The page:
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On Scene: Poker Run Newbies Ace Atlantic City

The “fairytale ending”—at least so far—in the storybook-like life of Bruce and Terry Michaels was buying their Monterey 328 SuperSport in March, which they ran yesterday in the New Jersey Performance Powerboat Club’s 17th Annual Atlantic City Poker Run. High school sweethearts from humble backgrounds, they struggled through starting a computer-programming business while raising a family.


Bruce and Terry Michaels enjoyed their first Atlantic City Poker Run yesterday. Said Terry, “Being on the water was great, but the people are really great.” Photo courtesy/copyright Tony Esposito.

As they became more successful, they saved for their kids’ educations and a boat, which turned out to be a 29-foot Scarab with twin 383-cubic-inch “Stroker” engines and a top speed of 70 mph. The Michaels used the boat for eight years as their children grew and moved on to college and families of their own. Wanting more space for a once-again growing family as their children had children, they purchased a bigger and more comfortable—and just a bit slower—powerboat.

While you don’t typically associate sport cruisers with poker runs, the Monterey performed well. Powered by a pair of MerCruiser 377 Mag engines with Digital Throttle and Shift and joystick control, Bruce Michaels can the 32-footer to 52 mph. What they gave up in speed, they more than made up for in comfort and space.

“I am still learning the boat, but everyone was very complementary and said we kept up with the pack very well,” he said. “The boat has the performance we want, with plenty of room for the family.”

For Terry Michaels, the comfort of a galley and a shower are an obvious advantage. “But it really is all about the space,” she said.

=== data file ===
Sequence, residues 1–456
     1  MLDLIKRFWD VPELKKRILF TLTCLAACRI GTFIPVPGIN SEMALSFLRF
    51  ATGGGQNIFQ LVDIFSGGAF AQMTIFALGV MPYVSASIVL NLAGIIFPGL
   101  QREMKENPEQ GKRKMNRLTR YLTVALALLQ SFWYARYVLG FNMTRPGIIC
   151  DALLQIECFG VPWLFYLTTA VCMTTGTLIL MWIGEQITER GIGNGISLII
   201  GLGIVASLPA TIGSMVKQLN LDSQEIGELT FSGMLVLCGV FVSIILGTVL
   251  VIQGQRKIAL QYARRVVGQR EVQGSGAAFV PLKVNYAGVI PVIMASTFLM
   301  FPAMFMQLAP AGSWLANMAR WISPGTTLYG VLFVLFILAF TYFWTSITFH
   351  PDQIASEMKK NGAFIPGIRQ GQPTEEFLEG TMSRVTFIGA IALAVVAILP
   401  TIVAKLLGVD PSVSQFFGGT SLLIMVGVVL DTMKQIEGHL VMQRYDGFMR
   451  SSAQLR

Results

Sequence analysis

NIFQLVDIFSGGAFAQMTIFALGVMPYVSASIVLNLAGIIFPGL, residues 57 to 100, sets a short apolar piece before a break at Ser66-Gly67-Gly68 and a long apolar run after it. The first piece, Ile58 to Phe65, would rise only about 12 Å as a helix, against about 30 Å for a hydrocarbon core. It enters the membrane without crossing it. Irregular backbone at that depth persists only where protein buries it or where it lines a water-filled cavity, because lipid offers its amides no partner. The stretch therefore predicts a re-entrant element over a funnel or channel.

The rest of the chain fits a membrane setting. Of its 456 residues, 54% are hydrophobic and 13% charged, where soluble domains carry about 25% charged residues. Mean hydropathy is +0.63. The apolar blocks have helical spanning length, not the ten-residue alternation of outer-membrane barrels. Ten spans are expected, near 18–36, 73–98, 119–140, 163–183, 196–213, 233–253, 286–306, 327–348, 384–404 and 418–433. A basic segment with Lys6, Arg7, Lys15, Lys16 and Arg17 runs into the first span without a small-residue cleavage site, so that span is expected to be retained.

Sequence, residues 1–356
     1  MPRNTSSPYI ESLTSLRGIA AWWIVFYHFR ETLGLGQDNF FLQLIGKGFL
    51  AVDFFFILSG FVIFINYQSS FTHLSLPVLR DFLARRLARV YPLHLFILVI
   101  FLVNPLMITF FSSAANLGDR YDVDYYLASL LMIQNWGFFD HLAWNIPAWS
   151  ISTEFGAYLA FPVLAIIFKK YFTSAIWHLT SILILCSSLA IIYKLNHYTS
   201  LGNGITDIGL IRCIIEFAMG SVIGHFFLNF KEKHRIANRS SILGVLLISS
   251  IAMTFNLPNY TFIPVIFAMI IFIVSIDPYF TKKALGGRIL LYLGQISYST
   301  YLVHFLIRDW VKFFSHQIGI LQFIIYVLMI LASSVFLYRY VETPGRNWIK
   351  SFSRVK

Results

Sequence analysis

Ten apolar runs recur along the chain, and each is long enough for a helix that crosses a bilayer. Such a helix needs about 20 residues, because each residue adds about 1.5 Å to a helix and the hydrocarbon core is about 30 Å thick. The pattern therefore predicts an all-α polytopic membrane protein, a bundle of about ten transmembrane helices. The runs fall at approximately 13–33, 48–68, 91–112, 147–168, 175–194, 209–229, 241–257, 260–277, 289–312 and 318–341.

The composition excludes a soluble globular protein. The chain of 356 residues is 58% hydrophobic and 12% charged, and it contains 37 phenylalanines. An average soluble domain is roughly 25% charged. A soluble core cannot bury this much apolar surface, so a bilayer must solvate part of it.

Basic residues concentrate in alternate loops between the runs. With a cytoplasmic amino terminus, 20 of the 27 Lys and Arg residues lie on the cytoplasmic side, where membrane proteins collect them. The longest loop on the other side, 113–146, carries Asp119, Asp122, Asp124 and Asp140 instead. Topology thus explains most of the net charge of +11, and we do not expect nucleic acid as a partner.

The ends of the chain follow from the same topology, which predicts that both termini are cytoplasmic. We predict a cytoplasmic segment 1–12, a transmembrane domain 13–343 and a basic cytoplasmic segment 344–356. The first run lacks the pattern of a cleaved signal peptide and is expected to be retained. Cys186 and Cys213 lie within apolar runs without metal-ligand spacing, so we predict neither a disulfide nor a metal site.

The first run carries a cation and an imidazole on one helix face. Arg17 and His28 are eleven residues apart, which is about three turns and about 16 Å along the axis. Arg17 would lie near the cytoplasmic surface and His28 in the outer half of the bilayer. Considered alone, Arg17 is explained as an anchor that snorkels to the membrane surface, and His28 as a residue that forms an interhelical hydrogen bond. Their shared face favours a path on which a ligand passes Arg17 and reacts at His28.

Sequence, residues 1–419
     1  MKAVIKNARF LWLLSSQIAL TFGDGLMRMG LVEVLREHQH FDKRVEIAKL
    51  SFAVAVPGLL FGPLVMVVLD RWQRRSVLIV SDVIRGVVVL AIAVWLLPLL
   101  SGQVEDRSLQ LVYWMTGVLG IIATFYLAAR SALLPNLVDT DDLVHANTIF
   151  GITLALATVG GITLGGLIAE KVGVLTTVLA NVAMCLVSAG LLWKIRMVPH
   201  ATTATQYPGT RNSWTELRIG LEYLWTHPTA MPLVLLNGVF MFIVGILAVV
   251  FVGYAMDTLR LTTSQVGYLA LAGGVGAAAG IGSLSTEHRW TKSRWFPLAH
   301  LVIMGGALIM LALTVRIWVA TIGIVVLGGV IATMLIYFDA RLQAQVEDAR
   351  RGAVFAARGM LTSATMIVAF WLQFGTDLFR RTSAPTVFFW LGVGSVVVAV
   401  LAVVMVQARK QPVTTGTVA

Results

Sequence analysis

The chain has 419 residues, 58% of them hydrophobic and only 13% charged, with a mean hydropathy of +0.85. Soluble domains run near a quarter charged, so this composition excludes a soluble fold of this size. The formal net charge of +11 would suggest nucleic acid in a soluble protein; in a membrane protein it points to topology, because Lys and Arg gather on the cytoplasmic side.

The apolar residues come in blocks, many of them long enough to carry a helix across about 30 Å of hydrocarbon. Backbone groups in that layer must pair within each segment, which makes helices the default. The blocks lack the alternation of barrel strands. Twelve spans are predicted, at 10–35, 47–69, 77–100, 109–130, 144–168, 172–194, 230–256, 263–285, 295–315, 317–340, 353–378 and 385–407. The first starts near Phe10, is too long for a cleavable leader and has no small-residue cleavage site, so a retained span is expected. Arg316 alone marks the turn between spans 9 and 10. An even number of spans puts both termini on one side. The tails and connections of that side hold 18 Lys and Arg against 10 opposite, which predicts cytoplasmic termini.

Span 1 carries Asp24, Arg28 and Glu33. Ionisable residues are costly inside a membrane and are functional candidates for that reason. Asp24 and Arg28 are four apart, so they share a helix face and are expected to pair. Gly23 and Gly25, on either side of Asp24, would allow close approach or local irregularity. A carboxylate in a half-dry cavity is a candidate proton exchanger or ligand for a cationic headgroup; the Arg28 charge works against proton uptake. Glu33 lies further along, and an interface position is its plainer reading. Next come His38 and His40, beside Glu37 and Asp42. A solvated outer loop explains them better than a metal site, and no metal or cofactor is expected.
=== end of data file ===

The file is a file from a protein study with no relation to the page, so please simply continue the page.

Being nearly “empty nesters” has given the Michaels time to get more deeply involved in the boating world. So when they learned about this year’s Atlantic City Poker Run through a friend, they joined NJPPC. And it has turned out to be one of the best decisions they’ve ever made, as they were beaming when they reached the docks in Atlantic City. Hosting their own little dock party with their new best friends, they looked like poker run veterans.

“Being on the water was great, but the people are really great,” Terry Michaels said. “They were really helpful and welcoming, and a few even said they’re thinking about a boat like ours.”

Another poker-run newbie, Bill Peters (read yesterday’s story), who has owned a 29-foot Fountain for the last seven years, finished the run and couldn’t stop wondering aloud why he’d never done it before. A veteran of motorcycle poker runs, Peters didn’t hesitate when asked the difference between the two.

“There’s no comparison.,” said Peters “It’s much more laid-back here, more friendly and less competitive.”

Peters and his friend, Louis Riemer, another first-time poker runner who owns a 32-foot Fountain that’s (maybe) for sale, were both surprised at what they described as the “lack of judgment about your ride” when it came to their boats. Now Riemer is considering taking his boat off the market, and Peters said, “I’m definitely going to need a bigger boat.”


Yesterday’s run turned a bit more wild once it reached the Atlantic Ocean, where Bob Christie and his friends in Christie’s Cigarette 42X found themselves out the water more than a few times. Photo courtesy/copyright Tim Sharkey/Sharkey Images.

Of course, there were plenty of Atlantic City Poker Run veterans out there yesterday, including Dr. Gabe Jasper in Pain Killer, his 43-foot catamaran with twin Mercury Racing 1350 engines. Jasper, too, had a fine day in conditions that started with glassy water on Barnegat Bay but turned rough and unpredictable, thanks to a crosswind, when the run reached the Atlantic.

“The water was so squirrelly it was hard to get a rhythm,” said Jasper, who is known simply among the NJPPC faithful as Dr. Gabe. “We had to go a lot slower than we wanted to, for one, and it was a lot of work out there, but we had a great time.”

The good times are sure to keep rolling today when NJPPC members host a group of veterans from the Wounded Warrior Project and their families for an afternoon of boat rides and an evening reception honoring them as part of the Atlantic City Festival of Speed. The three-day event includes a car and motorcycle show on Saturday and wraps up Sunday with the Atlantic City Grand Prix Offshore race.

Editor’s Note: Look more speedonthewater.com updates on Atlantic City Festival of Speed from Tony Esposito throughout the weekend. Live streaming of Sunday’s Offshore Powerboat Association offshore racing action can be found at oparraccingllc on YouTube, starting at noon Eastern Standard Time.

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